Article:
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Safety in Ann Arbor

Unfortunately, Ann Arbor is not a sleepy little college town, and both students and non-students must cope with its crime rate. Like most cities of over 110,000 people, Ann Arbor has its share of violent and non-violent crimes. Here are some common sense suggestions to help you try to ensure your personal safety and the safety of your property.

Protecting Your Property

Insurance companies recommend that you photograph valuables as an additional record. Take valuables home over vacations if possible. You may trust your friends, but unfortunately, strangers do enter buildings. Don’t take chances by leaving your door unlocked. If your room or apartment is broken into and important valuables are stolen, do no disturb anything until the police come, so they can gather evidence. If the police come to investigate theft, have your detailed descriptions of the stolen items ready.

Safety at Home

When you are home, keep your living area secure. Make sure ground level windows are secure. Do not prop open outside doors. Make sure your doors have sturdy locks and use them even when you are there. On your mailbox and in the phone directory, list only your first initial. If you suspect someone is in your apartment when you return home, leave quickly and phone the police from a neighbor’s phone. If you live in off-campus housing, you have rights as a tenant to certain safety measures in your home/apartment. To find out more, speak with an off-campus advisor at the Housing Information Office (763-3164).

If you have a car, lock it when you leave, even for a few minutes, and even in the daytime. Keep valuables out of sight. Park in well-lit parking areas and be alert when using parking structures. Have your keys ready when approaching your car. Keep your doors locked while driving. If you have car trouble, raise the hood and then get back in your car, lock it, and wait. If another motorist stops to help, roll your window down just enough to ask him/her to phone for assistance.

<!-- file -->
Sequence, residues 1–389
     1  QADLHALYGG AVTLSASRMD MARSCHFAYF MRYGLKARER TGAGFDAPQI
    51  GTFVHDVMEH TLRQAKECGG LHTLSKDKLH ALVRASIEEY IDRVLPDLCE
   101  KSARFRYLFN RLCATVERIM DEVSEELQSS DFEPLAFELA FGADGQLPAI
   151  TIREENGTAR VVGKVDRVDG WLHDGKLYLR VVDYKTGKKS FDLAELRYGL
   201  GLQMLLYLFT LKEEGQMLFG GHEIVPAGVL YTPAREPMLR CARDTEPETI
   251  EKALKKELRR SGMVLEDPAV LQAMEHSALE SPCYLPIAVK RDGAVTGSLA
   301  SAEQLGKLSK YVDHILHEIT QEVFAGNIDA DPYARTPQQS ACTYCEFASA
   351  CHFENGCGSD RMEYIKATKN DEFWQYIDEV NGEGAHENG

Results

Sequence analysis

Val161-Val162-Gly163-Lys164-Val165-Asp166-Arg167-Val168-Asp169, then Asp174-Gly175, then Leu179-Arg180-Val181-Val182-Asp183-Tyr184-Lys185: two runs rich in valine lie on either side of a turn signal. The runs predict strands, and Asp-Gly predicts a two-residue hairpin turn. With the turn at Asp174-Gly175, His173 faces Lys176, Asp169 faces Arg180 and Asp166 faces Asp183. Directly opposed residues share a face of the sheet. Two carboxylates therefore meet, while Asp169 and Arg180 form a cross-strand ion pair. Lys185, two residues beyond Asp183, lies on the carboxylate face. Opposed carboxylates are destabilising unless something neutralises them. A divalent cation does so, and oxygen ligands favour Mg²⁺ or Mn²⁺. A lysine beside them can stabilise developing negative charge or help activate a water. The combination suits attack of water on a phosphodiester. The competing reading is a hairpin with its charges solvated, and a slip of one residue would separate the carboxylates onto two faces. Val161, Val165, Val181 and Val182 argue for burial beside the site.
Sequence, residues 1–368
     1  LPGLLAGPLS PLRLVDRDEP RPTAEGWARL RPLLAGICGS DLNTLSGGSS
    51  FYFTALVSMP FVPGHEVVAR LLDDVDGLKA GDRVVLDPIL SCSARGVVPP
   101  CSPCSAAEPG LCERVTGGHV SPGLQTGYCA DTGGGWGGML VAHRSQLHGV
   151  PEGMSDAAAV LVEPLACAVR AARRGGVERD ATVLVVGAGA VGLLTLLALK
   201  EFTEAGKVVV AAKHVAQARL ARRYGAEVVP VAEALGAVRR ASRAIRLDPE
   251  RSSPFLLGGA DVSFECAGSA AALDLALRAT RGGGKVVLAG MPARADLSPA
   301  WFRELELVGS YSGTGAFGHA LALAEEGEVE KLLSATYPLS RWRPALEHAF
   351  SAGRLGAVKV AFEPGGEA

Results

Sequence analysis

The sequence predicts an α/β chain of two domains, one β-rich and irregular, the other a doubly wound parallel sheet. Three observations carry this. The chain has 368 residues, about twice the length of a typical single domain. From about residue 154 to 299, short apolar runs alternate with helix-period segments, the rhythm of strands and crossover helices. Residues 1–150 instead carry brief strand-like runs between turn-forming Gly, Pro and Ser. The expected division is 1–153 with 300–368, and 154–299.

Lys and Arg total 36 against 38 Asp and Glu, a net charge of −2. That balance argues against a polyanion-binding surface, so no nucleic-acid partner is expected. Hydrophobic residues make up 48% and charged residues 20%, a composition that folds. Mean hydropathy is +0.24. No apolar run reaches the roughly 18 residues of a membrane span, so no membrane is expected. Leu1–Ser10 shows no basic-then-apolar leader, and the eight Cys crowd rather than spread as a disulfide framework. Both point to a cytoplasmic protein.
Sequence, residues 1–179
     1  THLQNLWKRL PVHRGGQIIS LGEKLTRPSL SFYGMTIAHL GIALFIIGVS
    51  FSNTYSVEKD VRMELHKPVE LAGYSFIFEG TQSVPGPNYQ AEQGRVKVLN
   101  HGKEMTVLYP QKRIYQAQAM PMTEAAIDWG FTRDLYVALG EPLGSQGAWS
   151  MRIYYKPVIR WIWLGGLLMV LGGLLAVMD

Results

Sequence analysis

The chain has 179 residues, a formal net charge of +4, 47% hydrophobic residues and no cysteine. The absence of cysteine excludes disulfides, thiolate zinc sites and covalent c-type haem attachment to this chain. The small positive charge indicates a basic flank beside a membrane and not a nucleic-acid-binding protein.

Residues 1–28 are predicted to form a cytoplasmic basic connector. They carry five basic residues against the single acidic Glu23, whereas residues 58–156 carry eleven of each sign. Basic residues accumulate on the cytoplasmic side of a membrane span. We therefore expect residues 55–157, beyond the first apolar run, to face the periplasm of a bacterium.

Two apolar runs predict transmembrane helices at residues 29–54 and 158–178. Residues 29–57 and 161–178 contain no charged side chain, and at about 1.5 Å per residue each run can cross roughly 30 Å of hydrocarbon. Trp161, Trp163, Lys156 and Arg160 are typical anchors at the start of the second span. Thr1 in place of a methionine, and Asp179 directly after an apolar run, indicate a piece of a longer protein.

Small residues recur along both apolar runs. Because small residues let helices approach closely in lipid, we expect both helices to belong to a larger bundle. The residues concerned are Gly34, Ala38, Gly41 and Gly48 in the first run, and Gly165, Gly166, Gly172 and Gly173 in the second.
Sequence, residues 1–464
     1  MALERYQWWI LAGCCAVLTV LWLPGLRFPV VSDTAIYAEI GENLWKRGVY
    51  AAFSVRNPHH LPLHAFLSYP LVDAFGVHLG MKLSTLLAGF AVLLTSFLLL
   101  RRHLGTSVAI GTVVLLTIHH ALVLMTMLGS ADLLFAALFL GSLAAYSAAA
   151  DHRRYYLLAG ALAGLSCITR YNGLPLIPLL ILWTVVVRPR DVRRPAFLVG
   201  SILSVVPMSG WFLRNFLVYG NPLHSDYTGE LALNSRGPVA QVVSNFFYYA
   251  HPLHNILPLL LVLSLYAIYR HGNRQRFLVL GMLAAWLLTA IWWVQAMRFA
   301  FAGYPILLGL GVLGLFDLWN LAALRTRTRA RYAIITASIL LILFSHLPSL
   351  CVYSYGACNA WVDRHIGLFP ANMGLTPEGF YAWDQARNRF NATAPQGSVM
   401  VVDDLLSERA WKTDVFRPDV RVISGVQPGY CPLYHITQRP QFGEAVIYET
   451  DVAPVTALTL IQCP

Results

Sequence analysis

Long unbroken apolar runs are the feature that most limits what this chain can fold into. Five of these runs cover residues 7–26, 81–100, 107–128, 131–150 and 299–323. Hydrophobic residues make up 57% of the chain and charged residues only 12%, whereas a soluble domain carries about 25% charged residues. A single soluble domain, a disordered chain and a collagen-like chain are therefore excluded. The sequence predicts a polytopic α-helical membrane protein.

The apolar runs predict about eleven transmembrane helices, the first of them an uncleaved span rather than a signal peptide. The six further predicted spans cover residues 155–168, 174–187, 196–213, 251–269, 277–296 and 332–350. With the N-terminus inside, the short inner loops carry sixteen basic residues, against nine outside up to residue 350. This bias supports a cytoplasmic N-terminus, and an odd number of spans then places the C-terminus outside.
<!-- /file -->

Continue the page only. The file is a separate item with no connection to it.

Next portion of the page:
Safety Outdoors

While crimes against people outside at night are relatively rare on campus, it is best to take some precautions wherever you are. While walking, walk briskly and confidently. If you appear strong and less vulnerable, you are less likely to be picked out by an assailant. If the sidewalks are dark, walk near the curb or down the middle of the street. Try to plan your route on busy, well-lit streets. Be aware of houses with lights on or open businesses in case you need to run for help. Be alert! If you suspect that someone is following you, turn around confidently and check; the surprise of a hostile look or an aggressive walk can stop someone looking for a victim. Wherever you are, if you see something suspicious or if you see someone in trouble, call the Department of Public Safety or the Ann Arbor Police, at 9-1-1. There are also Blue Light Emergency Phones on campus from which you can call for assistance by simply lifting the receiver; there is no need to dial. These emergency phones are direct lines to the Department of Public Safety.

Department of Public Safety

The Department of Public Safety manages the task of providing a safe environment for the University community. The Department operates 24 hours a day from its headquarters.

When should you call the Department of Public Safety? Call any time you need to report a crime, a fire, or a suspicious-looking person. Also, call when you need a building door unlocked or when you need to report a maintenance problem at night or on weekends. For non-emergency or information calls, dial 763-1131. Dial 9-1-1 from any University campus phone to report emergencies in progress. You may also contact the Department by using a Blue Light Emergency Phone on campus. Simply lift the receiver; no dialing is required with these emergency phones.